Eraina Schauss, PhD, LPC-MHSP, ACS, director and founder of the Brain Center at the University of Memphis (UofM), and Khyobeni Mozhui, PhD, associate professor in the Department of Preventive Medicine at the University of Tennessee Health Science Center (UTHSC), are recipients of the 2019 UTHSC/UofM CORNET Award in Adverse Childhood Experiences (ACEs) Research for their project “A Combined Environment and Epigenetics Study (ACES): Impact of Neurofeedback Therapy on the Health and Behavior of Adolescents.” The research team will receive $100,000 from the Research Leadership at UTHSC (Dr. Steve Goodman) and at the UofM (Dr. Jasbir Dhaliwal).
Drs. Schauss and Mozhui will examine the EEG brain wave patterns and functioning of adolescents exposed to Adverse Childhood Experiences (ACEs) and investigate the impact of neurofeedback training. ACEs are traumatic events before the age of 18, and include various types of abuse and neglect, as well as parental mental illness, substance use, divorce, incarceration, and domestic violence. The pair is researching whether their innovative brain training can improve physical health, decrease mental health symptoms, improve cognitive functioning, and reduce the risk of unfavorable social, emotional and developmental health outcomes in affected adolescents.
Drs. Schauss and Mozhui are partnering with a team of UTHSC researchers to test levels of environmental toxicants, and observe epigenetic and other predetermined biomarkers for their influence on resilience and susceptibility to traumatic childhood experiences. The research team will also investigate to what extent biomarkers can be used to predict successful outcomes for these adolescents. Their work will contribute to nationwide efforts surrounding the impact that ACEs have and their toll on mental and physical health.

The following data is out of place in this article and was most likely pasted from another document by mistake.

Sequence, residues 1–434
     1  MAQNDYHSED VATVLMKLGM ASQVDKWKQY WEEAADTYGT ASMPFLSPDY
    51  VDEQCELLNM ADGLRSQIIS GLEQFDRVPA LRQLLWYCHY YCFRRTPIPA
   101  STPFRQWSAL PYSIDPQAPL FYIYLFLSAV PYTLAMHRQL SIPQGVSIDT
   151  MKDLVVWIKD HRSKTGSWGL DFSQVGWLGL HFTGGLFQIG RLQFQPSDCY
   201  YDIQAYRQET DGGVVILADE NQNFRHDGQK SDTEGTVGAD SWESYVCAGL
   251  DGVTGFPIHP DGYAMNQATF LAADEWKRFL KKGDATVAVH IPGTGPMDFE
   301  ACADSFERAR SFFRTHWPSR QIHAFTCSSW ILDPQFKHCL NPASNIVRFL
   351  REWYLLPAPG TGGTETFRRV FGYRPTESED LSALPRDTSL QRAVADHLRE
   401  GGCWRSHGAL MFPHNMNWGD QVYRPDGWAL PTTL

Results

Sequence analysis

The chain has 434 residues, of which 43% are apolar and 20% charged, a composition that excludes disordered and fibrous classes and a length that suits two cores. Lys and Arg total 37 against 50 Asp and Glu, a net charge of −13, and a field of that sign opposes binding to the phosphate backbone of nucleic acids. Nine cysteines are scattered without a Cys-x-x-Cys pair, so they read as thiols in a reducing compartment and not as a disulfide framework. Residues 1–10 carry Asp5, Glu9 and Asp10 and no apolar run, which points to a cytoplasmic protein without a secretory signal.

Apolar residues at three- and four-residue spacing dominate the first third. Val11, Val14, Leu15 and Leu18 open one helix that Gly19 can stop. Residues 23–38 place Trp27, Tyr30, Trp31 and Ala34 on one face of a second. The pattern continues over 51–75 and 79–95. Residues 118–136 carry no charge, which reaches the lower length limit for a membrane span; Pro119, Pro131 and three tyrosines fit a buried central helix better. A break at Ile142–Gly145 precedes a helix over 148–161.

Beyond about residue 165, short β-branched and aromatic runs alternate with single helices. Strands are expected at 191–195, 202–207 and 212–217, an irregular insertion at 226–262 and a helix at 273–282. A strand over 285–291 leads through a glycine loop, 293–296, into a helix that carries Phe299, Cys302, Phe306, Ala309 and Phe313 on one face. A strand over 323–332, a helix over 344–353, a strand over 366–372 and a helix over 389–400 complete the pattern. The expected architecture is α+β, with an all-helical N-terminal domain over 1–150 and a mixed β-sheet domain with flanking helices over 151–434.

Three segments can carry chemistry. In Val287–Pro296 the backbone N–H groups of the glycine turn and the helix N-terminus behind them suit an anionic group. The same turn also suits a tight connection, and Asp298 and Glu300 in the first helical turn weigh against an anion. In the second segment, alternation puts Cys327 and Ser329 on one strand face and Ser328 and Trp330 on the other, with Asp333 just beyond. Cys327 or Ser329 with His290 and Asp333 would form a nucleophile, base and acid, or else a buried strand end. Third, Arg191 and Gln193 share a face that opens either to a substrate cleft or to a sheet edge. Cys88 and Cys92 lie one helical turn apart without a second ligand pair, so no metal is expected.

“This is the first of what I hope will be many research collaborations between UTHSC and the UofM that are stimulated by CORNET Awards,” says Steven R. Goodman, PhD, vice chancellor for Research at UTHSC and founder of the CORNET Awards program. “Our collaborations on the very important and timely subject of ACEs began with the generous support from the state of Tennessee through a $2 million award to the Memphis Research Consortium. There has been wonderful progress made by many UTHSC and UofM investigators. We are helping to continue this momentum with this CORNET Award.”
Launched in 2016, the CORNET Awards were created to foster collaborative partnerships between researchers across the city of Memphis and the state of Tennessee, with various academic institutions regionally and globally, and with industry partners. To date, the CORNET Awards program has provided over $1.7 million in funding to research teams, giving rise to over $14.2 million in extramural funding.